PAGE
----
Sumatra's GPU harnessing now official OpenJDK project
The Sumatra project has been confirmed as an official OpenJDK project at the JavaOne conference currently underway in San Francisco. The project, which was first revealed in August, aims to create a version of Java that can make effective use of the GPU processing power available on graphics cards or integrated with CPUs. Having received the OK of the community via the project mailing list, both Java owner Oracle and chip maker and GPU specialist AMD are participating in the Sumatra project.
Sumatra will utilise features and libraries from Java 8's Lambda project, which implements closures for Java, while Oracle's HotSpot will be the reference JVM (Java Virtual Machine). Initially, annotated lambda expressions will be identified by HotSpot's JIT compiler which will, if a GPU is available, then compile the Java code of the expression into OpenCL code which can then be executed by the GPU. The process should be transparent for Java developers who need only annotate their code and use Java 8's lambdas to get the benefit of the planned enhancements. The hope is for the developers in the future to extend the technique to other Java language constructs.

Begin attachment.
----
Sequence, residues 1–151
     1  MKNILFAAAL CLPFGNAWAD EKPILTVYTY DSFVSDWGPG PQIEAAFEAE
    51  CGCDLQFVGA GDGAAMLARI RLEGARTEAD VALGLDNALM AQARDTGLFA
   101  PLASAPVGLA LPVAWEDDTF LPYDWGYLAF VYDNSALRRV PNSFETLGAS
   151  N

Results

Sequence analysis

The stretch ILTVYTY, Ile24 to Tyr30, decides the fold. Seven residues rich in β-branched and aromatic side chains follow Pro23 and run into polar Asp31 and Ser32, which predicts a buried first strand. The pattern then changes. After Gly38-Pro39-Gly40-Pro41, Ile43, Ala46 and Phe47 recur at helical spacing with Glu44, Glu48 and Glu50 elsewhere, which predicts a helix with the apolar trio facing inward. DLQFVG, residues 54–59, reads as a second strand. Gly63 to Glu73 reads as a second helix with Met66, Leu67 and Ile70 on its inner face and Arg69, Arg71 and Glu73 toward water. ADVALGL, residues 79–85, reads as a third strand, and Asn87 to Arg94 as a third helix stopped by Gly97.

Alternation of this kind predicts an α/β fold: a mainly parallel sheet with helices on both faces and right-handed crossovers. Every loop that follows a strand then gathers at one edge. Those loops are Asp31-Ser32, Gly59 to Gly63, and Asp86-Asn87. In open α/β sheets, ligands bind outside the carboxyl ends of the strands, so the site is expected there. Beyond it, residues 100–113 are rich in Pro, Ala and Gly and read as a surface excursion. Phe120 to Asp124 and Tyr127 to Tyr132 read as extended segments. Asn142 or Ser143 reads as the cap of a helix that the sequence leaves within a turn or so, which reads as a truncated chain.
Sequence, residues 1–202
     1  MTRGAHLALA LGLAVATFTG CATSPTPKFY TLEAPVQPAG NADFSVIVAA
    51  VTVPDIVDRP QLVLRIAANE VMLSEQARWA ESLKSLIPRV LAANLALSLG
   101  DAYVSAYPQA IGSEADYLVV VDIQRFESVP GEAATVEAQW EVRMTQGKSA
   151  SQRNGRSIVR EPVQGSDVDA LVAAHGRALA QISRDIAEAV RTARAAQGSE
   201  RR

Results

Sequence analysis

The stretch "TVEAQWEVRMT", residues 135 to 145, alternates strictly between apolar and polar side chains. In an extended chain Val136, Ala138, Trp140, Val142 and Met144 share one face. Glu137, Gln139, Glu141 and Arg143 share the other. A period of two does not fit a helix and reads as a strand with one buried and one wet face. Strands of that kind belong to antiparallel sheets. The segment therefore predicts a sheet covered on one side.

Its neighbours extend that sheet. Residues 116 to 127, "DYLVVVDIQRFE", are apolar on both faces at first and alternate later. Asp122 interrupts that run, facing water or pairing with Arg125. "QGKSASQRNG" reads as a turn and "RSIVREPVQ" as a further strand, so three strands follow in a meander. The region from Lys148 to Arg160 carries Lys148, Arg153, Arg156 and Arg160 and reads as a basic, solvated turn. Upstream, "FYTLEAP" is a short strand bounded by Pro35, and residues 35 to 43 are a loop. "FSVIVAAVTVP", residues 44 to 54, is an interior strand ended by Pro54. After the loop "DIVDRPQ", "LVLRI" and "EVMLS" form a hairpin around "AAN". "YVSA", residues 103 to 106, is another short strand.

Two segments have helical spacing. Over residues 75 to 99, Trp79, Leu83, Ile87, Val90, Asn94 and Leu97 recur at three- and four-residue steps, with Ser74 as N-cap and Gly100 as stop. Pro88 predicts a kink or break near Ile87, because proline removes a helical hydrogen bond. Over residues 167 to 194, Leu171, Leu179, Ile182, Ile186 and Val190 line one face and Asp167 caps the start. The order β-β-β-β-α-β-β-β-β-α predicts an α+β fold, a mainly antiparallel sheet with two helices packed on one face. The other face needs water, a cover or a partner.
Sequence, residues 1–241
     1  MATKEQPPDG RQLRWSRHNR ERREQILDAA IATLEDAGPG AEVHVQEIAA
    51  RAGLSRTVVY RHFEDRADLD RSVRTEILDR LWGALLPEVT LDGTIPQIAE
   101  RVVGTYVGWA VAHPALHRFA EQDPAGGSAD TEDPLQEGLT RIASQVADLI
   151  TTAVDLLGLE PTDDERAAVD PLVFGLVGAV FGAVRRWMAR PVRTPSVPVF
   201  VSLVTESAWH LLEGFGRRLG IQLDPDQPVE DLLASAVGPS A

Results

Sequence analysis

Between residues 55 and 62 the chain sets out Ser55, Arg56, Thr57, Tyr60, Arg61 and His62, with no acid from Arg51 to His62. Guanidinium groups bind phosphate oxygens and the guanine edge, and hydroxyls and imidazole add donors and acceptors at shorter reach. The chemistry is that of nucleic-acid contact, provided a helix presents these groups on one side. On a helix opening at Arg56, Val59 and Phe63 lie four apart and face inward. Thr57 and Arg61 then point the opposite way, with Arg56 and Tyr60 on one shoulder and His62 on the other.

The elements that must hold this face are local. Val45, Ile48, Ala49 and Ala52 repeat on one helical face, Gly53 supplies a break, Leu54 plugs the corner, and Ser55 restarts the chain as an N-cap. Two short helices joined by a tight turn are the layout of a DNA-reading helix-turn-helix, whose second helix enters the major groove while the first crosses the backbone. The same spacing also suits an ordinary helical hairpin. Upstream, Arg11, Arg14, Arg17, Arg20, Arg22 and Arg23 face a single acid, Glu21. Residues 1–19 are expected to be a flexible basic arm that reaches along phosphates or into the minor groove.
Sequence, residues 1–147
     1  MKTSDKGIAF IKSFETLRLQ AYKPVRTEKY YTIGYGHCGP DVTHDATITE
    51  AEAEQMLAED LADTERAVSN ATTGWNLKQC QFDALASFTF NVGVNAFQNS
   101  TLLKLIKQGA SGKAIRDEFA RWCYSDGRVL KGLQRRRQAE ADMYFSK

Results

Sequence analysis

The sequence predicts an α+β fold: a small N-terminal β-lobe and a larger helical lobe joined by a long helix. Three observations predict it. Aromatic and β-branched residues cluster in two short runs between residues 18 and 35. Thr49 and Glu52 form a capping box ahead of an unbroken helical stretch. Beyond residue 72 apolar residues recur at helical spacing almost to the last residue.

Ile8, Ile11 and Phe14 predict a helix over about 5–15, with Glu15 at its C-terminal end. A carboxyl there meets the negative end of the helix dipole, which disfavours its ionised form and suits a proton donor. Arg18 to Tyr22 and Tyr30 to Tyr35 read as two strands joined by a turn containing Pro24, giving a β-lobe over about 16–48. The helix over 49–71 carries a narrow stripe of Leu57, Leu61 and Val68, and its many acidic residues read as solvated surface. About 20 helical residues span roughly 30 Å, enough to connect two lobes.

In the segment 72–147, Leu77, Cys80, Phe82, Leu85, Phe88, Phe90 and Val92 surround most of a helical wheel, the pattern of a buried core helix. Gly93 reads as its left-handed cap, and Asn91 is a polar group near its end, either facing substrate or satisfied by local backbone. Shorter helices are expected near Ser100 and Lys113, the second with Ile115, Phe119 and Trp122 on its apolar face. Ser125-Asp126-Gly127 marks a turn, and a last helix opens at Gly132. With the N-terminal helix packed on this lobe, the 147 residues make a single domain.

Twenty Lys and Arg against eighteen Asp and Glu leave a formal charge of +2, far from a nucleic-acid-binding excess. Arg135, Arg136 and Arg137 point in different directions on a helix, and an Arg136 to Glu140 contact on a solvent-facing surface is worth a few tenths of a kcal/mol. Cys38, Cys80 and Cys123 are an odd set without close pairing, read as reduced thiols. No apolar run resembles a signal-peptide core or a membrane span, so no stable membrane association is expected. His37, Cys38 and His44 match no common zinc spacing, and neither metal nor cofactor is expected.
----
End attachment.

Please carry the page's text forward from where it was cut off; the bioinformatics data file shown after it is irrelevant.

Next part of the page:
The idea is not new, with AMD having announced its own Project Aparapi back in 2010. Aparapi also compiled Java bytecode into OpenCL, but in contrast to Sumatra operated as a JNI extension to Java. There is also the Rootbeer GPU Compiler, a relatively new piece of software written by a PhD student at New York's Syracuse University; this is being compared to other approaches which bind CUDA or OpenCL libraries in Java code.
Although the project is being built using Java 8 technologies, developments arising from the project should not be expected to find their way into Java 8, which is due out next year.